ABU DHABI // There are no free lunches in economics. In the same way that a debt-based global financial system is doomed to fail, the dream of unlimited economic growth sustained by abundant and cheap energy from fossil fuels is turning into an environmental nightmare.
For the first time in its history, mankind is facing a formidable test of its resolve to coexist harmoniously with its environment. The next decade will be decisive and the outcome likely irreversible.
There are two important aspects to sustainable and environmentally friendly energy use.
One is the provision of "clean" energy that does not damage the environment or contribute to global warming, which is achieved mainly through the development of renewable energy.
The other is demand-side management (DSM), which seeks to reduce our overall ecological footprint by limiting energy consumption. This is often the more cost-effective of the two.
DSM strategies generally fall into one of three categories: energy conservation, energy efficiency and peak-load shedding/shifting.
The last category matters because renewable energy sources are often intermittent or unpredictable, while nuclear plants cannot modulate the amount of energy they generate in response to demand fluctuations.
Even if all our power supply comes from fossil fuels it is useful to be able to reduce or displace peak demand, as "peaking units" - plants that are called upon only when demand is at its highest, typically for 300 to 400 hours a year - are generally expensive and polluting.
DSM can be incredibly effective, especially in countries that are just starting their transition from old era usage patterns to more environmentally conscious behaviour.
In these initial stages there are more cheap, effective steps that can be taken - so well designed and executed interventions easily pay for themselves.
Why then is DSM not more widely used, instead sometimes lagging behind more risky or expensive supply-side options, even when there are still plenty of demand-side alternatives?
From the economic point of view, a major hurdle is the principal-agent problem, whereby the upfront costs of the DSM measure befall the owner while the benefits of energy savings accrue to the tenant.
Another is the difficulty of knowing in advance how much a particular measure will cost, and how much energy and money it will eventually save. These are not insurmountable problems.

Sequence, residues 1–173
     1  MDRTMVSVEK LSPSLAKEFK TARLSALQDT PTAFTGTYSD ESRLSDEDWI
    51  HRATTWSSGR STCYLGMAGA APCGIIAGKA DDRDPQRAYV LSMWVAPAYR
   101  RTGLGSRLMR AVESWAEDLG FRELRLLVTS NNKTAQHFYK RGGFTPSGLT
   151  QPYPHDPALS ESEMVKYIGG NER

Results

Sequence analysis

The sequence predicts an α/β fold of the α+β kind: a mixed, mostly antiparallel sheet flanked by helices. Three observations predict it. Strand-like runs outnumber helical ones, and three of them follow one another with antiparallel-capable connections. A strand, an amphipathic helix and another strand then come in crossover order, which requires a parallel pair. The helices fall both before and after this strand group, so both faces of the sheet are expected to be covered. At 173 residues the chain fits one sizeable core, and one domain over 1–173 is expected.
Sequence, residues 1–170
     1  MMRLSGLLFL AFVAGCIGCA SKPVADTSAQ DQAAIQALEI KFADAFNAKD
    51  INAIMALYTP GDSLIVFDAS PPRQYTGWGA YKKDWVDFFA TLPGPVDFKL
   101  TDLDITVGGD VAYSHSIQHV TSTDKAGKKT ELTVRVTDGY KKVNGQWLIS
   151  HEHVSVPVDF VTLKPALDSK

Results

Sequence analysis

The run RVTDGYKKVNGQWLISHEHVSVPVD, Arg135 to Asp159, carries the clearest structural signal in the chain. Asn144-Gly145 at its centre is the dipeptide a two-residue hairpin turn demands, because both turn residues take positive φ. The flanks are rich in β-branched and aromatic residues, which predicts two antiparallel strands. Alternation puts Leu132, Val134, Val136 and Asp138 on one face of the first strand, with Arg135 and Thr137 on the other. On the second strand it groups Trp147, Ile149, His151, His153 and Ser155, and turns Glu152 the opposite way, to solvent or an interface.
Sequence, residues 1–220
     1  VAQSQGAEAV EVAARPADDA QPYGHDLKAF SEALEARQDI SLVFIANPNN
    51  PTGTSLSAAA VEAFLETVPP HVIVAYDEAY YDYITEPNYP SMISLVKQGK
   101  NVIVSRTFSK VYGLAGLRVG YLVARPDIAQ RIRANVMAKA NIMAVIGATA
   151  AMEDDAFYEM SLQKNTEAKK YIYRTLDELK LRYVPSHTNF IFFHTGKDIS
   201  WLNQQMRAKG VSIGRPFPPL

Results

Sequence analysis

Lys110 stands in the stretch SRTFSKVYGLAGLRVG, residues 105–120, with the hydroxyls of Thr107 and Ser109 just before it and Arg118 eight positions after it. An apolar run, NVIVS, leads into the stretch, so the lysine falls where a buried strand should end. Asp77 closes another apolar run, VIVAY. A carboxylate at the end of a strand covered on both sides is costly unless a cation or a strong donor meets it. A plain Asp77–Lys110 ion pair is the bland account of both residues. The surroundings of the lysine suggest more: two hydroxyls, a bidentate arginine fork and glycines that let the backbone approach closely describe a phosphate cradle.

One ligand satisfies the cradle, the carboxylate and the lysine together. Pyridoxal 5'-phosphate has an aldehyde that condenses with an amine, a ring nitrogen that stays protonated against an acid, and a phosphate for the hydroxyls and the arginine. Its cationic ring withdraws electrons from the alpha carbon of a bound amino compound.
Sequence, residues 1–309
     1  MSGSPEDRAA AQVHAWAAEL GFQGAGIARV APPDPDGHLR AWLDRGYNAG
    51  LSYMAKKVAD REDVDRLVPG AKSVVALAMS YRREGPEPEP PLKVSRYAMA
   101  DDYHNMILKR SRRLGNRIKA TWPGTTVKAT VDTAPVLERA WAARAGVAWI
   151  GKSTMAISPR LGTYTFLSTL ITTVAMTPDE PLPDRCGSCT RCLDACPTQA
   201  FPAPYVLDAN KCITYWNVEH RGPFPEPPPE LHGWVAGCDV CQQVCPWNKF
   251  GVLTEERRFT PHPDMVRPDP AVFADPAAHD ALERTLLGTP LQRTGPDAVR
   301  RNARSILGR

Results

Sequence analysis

The principal-agent problem is relatively easily solved, by drawing up the right financial framework.
The lack of a proper framework for selecting, implementing and verifying DSM measures is trickier, though. The bewildering variety of buildings and energy-consuming systems have so far prevented it from being addressed. Cities are complex, and people and weather are unpredictable - all of which makes good data and reliable models hard to come by.
Researchers at the Masdar Institute are working on a project that aims to address this need.
It has three long-term goals.
The first is to sustain Abu Dhabi's efforts to make its buildings more energy efficient and reduce their peak load. The latter will involve retrofitting existing buildings with advanced controls that incorporate peak-load signals in the control scheme, to shave or shift a portion of the peak demand.
Simply put, we want buildings to use less energy overall and to control their own power use, so power-hungry functions are carried out at times of less overall demand.
A second application of the tool will be in new developments such as Masdar City, where energy efficiency will be a key consideration right from the very start. This means taking into account not only individual buildings but also factors such as transportation, microclimate and district cooling in the overall decision-making.
The third application is in the day-to-day operation of a city. Once a sustainable city is built, the tool will be able to provide an accurate "live" model of its energy use, continuously analysing energy consumption data from all metered points within the city.
That model could then be used for forecasting, benchmarking, fault detection and diagnosis as well as continuous improvement of the demand-side energy performance.
Working hand in hand with the smart grid, that would allow us to "close the loop" and automate city processes. And that kind of convergence of the real and the virtual worlds would truly be an embodiment of the "internet of things" imagined by pioneering researchers as long ago as the 1980s.